transfers would not be conducive to sound fiscal policy by the state governments.

B. Centre–State Relations in India

The relationships between central and state governments play a critical role in the constitutional
set up of the Indian Union. In the aftermath of independence, the founding fathers were weary of
allocating significant responsibilities to the states because of the perceived risk of encouraging
further fissiparous tensions. They opted instead for a centralized federal union in the new
Federal Transfers and Fiscal Discipline in India: An Empirical Evaluation І 3
constitution, with strong powers allocated to the central government (Arora 2010). It was the
responsibility of the Union Parliament and government to recognize diversity, although the
management of the socio-political consequences of diversity was left to state governments. The
state governments were responsible for the administration of urban and rural local governments.
In particular, the latter were required to oversee the functioning of local government units in rural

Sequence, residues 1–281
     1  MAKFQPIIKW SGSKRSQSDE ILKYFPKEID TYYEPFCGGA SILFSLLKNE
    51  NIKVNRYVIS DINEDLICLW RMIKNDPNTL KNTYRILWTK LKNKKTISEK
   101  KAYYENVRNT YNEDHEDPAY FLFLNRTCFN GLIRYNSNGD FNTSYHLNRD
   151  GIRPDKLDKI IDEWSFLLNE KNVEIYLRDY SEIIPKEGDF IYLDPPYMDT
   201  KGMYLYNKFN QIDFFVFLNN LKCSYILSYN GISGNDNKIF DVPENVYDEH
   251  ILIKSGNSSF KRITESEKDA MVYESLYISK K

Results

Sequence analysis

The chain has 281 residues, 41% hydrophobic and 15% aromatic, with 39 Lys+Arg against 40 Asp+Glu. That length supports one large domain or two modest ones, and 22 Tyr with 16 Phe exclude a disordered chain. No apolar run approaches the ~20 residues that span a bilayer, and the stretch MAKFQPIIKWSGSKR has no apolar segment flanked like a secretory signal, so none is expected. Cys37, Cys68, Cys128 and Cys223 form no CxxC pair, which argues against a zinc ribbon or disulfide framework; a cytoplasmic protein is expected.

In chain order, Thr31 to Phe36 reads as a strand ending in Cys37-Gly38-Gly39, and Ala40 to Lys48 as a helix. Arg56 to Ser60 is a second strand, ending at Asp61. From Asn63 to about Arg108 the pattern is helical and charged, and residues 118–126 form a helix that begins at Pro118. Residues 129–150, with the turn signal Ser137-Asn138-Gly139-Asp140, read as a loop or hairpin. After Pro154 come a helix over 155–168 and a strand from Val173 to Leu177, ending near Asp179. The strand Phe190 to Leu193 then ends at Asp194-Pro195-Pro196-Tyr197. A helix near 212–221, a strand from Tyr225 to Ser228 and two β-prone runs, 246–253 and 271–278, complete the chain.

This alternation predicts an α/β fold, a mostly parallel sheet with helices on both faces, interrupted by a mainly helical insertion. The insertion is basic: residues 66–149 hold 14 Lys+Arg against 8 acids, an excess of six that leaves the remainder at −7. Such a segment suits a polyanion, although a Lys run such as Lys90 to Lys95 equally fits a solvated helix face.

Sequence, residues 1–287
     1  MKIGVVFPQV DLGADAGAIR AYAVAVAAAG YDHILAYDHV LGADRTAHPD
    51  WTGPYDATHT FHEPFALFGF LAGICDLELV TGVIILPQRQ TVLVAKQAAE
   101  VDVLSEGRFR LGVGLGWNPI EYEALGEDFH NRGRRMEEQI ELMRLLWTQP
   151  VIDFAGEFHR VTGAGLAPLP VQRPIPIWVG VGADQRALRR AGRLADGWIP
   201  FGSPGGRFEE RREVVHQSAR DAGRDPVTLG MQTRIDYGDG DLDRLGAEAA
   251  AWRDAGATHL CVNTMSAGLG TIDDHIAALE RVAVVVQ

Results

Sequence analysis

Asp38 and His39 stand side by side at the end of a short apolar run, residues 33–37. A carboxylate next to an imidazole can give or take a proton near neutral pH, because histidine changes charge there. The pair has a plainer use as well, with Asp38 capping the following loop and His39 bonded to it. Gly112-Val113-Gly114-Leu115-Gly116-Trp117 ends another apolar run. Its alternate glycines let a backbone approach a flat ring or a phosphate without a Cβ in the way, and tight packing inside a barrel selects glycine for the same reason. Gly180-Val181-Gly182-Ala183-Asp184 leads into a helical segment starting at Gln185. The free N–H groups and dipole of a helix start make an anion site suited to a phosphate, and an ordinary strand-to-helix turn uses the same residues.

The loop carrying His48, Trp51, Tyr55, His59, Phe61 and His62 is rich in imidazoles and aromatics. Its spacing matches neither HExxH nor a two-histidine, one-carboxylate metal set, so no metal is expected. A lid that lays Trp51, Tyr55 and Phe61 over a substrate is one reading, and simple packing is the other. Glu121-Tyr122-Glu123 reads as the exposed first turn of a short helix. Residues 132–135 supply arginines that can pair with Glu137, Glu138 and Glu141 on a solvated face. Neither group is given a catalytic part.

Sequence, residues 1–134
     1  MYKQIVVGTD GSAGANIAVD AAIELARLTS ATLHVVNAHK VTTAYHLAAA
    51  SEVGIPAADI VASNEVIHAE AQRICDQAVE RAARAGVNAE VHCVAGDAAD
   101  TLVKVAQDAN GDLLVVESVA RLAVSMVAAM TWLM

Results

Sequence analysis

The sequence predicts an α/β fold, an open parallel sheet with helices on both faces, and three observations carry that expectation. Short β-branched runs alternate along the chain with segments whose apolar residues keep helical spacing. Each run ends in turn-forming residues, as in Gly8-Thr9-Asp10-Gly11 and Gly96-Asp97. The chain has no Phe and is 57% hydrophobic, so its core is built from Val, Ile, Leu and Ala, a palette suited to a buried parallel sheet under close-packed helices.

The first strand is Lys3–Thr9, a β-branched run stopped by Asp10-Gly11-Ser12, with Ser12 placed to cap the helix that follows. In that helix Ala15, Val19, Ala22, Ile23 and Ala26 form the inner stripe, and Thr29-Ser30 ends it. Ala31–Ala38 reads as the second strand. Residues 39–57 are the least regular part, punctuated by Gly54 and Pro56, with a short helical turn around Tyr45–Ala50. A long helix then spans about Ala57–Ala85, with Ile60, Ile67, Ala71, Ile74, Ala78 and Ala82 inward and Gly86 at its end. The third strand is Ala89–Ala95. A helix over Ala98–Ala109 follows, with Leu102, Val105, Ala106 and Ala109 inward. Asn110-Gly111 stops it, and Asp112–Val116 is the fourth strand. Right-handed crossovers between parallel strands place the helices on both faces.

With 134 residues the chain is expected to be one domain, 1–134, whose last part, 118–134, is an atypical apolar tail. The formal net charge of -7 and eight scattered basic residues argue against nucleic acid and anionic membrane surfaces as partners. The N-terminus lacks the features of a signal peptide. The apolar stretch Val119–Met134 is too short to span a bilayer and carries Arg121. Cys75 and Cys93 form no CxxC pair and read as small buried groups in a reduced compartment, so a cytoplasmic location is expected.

areas, i.e., the district, block, and village panchayat (Bagchi 2003).

In practice, the constitutional set up could not prevent some ambiguity in the
relationships between the Centre and the state governments. Over the course of time, the
consolidation of democratic processes in Indian polity has shifted the Centre–state balance
towards greater decentralization, with an increased role for the states.

The original concern with the centrifugal pressures is apparent in the allocation of
prerogatives for the central and the state governments respectively, as set out in the Indian
constitution. The legislative powers over the various economic activities are divided into three
broad areas: areas reserved for Centre (Union list), areas reserved for States (State list) and
areas of joint jurisdiction (Concurrent list). Areas of national importance such as defense,
foreign affairs, international trade and macroeconomic management are the responsibility of the